Health

Give your dog a den

If you’re putting the crate before the dog, then you’re one of the happiest puppy owners around because your best friend is probably already housebroken. If you’re thinking that crate is just a nice name for C-A-G-E, you’re right again. But to your puppy, the crate is a den and a natural way of life.

By nature, dogs are pack animals that live in dens. They take great comfort in having their own secure area. The most common den-like areas in your home are underneath a table, under a bed, or in a closet. You might already be finding your puppy holed up in one of these places each afternoon when she needs a secure place to rest. Offering your dog its own crate meets your pet’s instinctive needs and allows you some control in housebreaking endeavors.

Crate Selection

The best crate is one that is just big enough so your dog can lie, stand and turn around. Giving your dog too much space destroys the den concept, allowing your pet the option of soiling half of its crate and still having an unsoiled area in which to rest.

Crates are made of a variety of materials. Those made of molded plastic are easy to clean, draft-free, and generally are more like dens as they have limited visibility. Wire crates provide a better view if car traveling is frequent. In the home, a wire crate may need to be covered to keep out drafts and make it more den-like. Slide-out flooring can make a wire crate just as convenient to clean as a molded plastic model. Aluminum and wooden pet crates are not practical for the typical pet owner, and are best left for use by professional dog handlers.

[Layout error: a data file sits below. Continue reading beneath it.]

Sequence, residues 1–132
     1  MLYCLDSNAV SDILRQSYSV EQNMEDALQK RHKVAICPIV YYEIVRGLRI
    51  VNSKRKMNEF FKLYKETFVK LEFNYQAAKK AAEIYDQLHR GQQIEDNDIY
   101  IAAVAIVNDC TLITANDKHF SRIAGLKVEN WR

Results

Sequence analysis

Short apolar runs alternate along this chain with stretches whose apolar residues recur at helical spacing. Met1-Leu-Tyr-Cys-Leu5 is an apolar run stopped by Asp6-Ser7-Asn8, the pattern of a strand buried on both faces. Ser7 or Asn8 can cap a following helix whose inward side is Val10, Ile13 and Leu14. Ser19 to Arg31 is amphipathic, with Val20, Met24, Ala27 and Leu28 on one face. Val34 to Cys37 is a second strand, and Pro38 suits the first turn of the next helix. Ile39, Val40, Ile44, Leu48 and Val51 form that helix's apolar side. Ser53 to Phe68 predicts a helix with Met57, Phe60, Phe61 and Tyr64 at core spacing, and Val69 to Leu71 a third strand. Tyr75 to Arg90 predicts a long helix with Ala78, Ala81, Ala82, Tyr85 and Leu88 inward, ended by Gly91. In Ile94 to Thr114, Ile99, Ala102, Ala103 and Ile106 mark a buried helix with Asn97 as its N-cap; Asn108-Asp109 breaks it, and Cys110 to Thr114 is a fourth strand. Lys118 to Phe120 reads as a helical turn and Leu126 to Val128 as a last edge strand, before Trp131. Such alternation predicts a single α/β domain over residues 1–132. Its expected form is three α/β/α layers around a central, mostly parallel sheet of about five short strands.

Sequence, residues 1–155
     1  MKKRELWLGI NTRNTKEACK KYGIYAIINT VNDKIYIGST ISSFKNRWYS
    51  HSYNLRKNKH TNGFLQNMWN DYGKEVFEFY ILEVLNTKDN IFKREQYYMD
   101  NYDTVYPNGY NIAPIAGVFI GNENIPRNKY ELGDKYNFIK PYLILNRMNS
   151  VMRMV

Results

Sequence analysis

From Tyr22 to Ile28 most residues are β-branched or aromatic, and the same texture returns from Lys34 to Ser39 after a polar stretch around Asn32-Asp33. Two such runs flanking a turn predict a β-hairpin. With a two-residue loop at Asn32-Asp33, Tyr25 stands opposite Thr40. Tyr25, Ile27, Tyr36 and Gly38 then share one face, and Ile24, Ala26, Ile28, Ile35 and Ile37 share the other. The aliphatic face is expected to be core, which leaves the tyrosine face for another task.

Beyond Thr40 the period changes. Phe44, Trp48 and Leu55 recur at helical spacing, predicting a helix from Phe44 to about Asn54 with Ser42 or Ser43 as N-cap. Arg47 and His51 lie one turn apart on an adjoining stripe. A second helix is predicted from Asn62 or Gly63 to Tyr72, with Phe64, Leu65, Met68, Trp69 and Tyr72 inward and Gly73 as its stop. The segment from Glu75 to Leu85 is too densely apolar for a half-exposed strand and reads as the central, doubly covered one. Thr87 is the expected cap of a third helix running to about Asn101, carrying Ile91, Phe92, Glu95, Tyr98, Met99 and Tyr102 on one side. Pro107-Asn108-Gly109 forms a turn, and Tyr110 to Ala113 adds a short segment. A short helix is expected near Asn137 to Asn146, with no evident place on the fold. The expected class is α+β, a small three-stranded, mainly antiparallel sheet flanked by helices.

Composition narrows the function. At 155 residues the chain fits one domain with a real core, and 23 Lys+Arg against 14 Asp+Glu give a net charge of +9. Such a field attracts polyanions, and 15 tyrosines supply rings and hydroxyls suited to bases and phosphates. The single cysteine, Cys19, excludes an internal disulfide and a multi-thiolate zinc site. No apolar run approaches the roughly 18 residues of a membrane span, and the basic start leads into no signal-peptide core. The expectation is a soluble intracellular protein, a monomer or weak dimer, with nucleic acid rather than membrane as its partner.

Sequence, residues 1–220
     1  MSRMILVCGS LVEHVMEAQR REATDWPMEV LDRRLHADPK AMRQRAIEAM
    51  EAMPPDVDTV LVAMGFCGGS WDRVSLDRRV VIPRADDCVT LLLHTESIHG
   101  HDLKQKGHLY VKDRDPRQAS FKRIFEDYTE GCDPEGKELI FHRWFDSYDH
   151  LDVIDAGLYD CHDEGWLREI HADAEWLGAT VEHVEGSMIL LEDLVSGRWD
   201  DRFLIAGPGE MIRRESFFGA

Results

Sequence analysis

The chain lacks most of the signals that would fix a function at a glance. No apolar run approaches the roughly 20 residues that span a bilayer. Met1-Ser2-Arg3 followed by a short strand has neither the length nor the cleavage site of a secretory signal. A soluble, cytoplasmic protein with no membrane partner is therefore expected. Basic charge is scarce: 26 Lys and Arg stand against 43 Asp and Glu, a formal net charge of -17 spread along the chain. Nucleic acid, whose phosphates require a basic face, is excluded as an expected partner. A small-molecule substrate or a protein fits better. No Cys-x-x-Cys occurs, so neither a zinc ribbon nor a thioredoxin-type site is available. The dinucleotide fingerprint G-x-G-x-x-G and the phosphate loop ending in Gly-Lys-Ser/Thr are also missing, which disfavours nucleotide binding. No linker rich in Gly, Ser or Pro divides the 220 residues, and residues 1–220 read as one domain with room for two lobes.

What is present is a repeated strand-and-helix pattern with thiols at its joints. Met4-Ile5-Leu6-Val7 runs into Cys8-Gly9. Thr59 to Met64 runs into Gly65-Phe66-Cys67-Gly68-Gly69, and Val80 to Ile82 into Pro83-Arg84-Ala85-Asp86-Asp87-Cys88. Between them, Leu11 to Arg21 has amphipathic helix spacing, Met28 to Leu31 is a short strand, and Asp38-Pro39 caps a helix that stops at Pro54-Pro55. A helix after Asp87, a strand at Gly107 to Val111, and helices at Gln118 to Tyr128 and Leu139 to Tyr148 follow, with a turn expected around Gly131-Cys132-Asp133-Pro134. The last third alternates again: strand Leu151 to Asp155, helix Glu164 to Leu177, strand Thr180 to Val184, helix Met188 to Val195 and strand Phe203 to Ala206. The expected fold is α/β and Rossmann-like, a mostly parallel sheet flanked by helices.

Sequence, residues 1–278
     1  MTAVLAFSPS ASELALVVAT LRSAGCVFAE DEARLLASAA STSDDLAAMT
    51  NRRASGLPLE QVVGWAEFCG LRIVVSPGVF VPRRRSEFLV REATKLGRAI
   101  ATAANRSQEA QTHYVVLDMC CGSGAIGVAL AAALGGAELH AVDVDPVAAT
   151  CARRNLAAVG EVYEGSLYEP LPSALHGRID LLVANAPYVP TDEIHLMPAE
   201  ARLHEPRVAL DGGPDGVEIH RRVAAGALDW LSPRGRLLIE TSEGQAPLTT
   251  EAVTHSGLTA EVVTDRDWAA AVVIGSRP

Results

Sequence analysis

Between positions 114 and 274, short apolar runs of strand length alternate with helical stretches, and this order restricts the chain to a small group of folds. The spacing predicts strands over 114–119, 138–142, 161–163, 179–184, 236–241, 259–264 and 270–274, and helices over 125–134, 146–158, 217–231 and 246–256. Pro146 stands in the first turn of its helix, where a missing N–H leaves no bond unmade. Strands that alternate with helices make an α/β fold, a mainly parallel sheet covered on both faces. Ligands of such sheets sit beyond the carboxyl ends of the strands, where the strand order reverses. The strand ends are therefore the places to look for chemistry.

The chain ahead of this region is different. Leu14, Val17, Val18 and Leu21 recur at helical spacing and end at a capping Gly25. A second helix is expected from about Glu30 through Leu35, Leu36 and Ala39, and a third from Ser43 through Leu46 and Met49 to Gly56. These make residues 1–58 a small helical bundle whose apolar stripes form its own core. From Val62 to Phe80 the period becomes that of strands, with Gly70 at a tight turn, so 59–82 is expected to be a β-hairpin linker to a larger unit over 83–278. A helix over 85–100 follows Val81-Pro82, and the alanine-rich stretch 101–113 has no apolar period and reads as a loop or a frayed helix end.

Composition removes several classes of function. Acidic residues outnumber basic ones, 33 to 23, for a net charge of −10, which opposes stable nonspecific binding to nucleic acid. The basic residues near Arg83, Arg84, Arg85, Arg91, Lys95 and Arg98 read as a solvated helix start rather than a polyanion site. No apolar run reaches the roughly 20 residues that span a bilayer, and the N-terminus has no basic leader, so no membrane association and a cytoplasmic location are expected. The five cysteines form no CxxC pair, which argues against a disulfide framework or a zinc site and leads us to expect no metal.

Bring on the Crate

Once you have purchased a crate you will want to give your puppy or dog time to investigate. Just leave the crate on the floor with the door open for a few days until your dog becomes comfortable with it. Placing dog treats and towel inside may help get a cautious dog to explore the crate. The next step is to close you dog in the crate for 10 to 15 minutes. Then open the door. This procedure should be repeated several times a day. The crate should never be used to punish your dog. Crate time should be enjoyable time. Toys and treats can help establish this setting.

Setting Up a Routine

Dogs will make every attempt not to soil their den. It is where they sleep. They want to keep it clean. You can help them do that by starting a housebreaking routine and sticking to it. No matter how much a puppy wants not to soil its den you can force it to do so by leaving it crated too long. Puppies have small bladders with undeveloped muscles. They can only hold the water they drink for a couple of hours. You will learn your puppy’s limits as you establish your housebreaking routine.

A morning routine might go something like this: Don’t stop for a cup of coffee. Don’t read the morning headlines. Carry your puppy outdoors as soon as it awakens. Let the puppy go in a small area of the yard. Verbally praise the dog for appropriate behavior. Return indoors and offer you puppy its breakfast. After breakfast return outside to the same spot. Return indoors and allow the puppy some playtime, then place it and some toys back in the crate. A routine like this will need to be repeated every couple of hours throughout the day and night.

Making it Work

To make crate training effective for your pet, you should:

  • Never respond with attention to your pet’s in-crate whining or barking. If the behavior goes unnoticed, it will stop.
  • Never punish you pet for making a mistake in its crate or on the floor. You should merely clean up the mess and shorten the time away so your pet can be successful in holding off until you get home.
  • Never deny your pet access to its crate. This is home base and a source of year-round security so keep the door open.